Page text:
ASEAN

Why is Singapore struggling with digital adoption?

UBS employees demonstrate how their eye movements are being tracked to provide feedback on the interface design of a banking application on a tablet computer at their innovation center Evolve in Singapore March 17, 2016.

In Singapore, 92% of organizations report difficulties keeping up with the pace of change Image:  REUTERS/Edgar Su

Ron Totton
Managing Director, South East Asia, BT Global Services
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ASEAN

This article is part of: World Economic Forum on ASEAN

The coming together of humans and technology in new ways is resulting in fundamental changes in how individuals, teams and organizations work, live and play.

But mastering this Fourth Industrial Revolution and transforming a business into a digital enterprise is not easy. There’s no blueprint to follow, and each organization’s journey is unique.

In Singapore, 92% of organizations reported that their current infrastructure is struggling to support the rapid adoption of digital technologies, according to a recent BT report, which interviewed more than 1,000 decision-makers in the field of information technology. Globally, the figure was only 65%.

So are Asian businesses trailing the West in terms of digital adoption? Not really, but we found that the disruptive technology trends that were cited as driving the most profound change within large organizations were cloud (58%), mobility and collaboration (54%) and data (52%).

Image: BT

A different picture in Asia

Yet in Asia, it was mobility (72%) and software-defined networking (68%) that were seen as having the most profound change. Cloud-based technologies have already been embraced by organizations in the region, with almost three-quarters of organizations saying they are completely or predominantly cloud-centric, compared with only 65% globally.

So if Asia’s chief information officers are already using the cloud (and managing to reduce costs and increase efficiency and agility), why are they struggling to adopt digital technologies?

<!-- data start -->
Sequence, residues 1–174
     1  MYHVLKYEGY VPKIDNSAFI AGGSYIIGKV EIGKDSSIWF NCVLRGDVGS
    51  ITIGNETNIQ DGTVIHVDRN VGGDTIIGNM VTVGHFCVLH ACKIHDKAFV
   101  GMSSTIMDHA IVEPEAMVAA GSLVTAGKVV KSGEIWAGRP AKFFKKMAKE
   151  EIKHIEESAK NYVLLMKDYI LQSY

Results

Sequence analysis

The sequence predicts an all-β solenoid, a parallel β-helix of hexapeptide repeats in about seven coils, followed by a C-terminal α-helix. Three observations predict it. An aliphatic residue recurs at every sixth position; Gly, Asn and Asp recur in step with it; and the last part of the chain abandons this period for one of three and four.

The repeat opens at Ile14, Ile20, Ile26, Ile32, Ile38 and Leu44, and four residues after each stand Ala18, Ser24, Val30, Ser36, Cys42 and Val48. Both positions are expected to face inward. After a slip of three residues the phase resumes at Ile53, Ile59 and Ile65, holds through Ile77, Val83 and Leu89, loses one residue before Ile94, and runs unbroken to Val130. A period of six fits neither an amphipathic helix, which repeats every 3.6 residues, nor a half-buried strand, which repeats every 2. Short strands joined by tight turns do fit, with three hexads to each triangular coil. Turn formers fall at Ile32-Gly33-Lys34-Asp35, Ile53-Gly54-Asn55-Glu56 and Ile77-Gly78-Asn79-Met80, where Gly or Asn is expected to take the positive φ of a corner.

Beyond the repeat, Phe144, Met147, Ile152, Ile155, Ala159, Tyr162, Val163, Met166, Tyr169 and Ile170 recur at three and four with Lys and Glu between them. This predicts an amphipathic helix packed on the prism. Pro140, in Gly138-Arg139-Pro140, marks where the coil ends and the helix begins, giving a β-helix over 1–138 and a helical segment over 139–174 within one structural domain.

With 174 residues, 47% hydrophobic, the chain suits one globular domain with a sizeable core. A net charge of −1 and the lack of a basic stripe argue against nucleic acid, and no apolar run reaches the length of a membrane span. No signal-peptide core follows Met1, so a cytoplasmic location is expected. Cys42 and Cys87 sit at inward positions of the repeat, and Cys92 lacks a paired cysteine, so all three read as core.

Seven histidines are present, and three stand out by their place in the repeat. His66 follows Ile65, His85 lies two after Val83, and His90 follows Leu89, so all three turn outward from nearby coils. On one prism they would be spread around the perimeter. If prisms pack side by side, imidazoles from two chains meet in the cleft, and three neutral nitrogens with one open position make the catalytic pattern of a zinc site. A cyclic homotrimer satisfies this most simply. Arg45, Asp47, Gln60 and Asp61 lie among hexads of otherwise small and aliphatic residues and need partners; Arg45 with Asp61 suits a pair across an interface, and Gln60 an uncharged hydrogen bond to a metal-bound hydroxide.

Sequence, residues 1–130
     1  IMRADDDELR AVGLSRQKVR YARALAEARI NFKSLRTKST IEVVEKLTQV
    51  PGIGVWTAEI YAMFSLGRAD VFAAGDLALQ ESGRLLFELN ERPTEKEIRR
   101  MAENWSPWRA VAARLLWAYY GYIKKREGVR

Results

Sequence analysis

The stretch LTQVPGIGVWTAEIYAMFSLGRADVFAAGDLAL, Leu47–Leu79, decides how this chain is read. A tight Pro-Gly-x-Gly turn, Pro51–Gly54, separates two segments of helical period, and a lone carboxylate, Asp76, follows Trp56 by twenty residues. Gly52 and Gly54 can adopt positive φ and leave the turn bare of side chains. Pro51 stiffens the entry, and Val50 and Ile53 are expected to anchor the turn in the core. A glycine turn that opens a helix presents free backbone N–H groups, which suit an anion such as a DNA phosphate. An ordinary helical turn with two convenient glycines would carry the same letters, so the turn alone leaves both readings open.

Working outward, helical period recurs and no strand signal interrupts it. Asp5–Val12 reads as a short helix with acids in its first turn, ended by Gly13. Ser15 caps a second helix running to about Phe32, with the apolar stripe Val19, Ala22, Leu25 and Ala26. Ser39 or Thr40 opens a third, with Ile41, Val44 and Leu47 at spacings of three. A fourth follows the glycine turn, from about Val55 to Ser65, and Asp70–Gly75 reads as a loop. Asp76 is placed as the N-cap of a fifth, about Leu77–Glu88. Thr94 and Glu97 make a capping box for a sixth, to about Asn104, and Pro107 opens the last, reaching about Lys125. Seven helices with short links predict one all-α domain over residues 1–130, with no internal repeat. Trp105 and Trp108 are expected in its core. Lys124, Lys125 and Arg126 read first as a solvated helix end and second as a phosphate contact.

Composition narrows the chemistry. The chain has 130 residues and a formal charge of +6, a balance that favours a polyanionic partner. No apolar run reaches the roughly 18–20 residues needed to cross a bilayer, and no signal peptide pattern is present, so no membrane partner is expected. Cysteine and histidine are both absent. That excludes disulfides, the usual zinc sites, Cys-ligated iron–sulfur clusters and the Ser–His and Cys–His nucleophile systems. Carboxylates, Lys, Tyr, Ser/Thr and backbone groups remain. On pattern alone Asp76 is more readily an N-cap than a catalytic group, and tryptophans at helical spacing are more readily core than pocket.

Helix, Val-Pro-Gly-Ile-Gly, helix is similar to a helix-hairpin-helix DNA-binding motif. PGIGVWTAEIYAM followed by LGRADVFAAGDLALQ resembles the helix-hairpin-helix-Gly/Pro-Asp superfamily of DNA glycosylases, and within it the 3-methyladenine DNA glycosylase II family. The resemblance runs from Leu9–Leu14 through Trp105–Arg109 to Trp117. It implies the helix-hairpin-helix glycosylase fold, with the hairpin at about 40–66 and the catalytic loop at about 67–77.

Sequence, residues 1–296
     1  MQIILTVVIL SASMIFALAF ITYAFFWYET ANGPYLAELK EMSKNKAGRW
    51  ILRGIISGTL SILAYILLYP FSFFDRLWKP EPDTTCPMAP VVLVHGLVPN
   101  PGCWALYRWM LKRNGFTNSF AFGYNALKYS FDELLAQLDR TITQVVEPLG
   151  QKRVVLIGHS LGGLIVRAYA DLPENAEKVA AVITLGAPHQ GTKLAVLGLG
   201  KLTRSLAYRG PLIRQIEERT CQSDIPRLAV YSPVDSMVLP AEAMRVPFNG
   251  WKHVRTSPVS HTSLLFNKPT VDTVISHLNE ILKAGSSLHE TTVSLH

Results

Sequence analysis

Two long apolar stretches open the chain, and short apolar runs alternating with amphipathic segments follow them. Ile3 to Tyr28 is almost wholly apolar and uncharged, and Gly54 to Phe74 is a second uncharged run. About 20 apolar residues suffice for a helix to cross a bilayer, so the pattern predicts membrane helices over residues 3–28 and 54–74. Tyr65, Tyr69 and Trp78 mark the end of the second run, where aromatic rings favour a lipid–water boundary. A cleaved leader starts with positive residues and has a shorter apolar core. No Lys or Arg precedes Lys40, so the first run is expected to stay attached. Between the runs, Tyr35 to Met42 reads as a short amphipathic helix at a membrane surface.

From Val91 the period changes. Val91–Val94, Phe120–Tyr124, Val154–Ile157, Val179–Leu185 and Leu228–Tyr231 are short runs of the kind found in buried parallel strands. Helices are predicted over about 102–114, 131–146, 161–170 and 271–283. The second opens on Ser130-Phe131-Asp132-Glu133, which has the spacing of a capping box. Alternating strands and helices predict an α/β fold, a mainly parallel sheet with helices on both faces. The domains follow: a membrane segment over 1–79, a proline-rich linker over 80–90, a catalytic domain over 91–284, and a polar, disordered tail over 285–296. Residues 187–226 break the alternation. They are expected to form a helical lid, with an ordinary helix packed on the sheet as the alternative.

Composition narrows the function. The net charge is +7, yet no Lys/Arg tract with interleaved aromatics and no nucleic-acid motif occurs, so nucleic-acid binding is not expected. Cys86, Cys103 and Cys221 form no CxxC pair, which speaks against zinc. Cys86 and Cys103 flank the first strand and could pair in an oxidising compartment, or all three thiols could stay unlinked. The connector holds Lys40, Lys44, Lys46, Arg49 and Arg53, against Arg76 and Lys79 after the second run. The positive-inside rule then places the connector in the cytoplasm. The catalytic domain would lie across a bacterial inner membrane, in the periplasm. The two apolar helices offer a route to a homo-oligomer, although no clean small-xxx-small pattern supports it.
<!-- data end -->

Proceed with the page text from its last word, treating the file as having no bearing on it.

One factor could be time: 80% of those surveyed in Singapore felt that information officers are forced to spend more time maintaining IT systems than searching for new solutions. Only 61% of respondents from other countries felt the same. The percentage has gone up since a similar survey in 2014, when the figure was 66%.

McKinsey estimates that employing disruptive technologies – mobility, big data, the internet of things, cloud technology and the automation of knowledge work – could produce $220 billion to $625 billion in annual economic impact for South-East Asia by 2030.

So, how can information professionals explore these technologies?

The smartest companies are bridging the gap between business and technology, and responding to both employees’ and customers’ expectations simultaneously. More than 90% of chief information officers reported that digital transformation meant their requirements from technology suppliers, such as communications and IT services providers, were changing. They are now seeking more advice and collaboration on end-to-end solutions, freeing them up to be more creative.

Technology has never been more important. It opens up amazing new worlds for organizations of all sizes and shapes, helping them find their digital possible.

This article is part of our ASEAN series. You can read more here.

The World Economic Forum on ASEAN is taking place in Kuala Lumpur, Malaysia, from 1 to 2 June.

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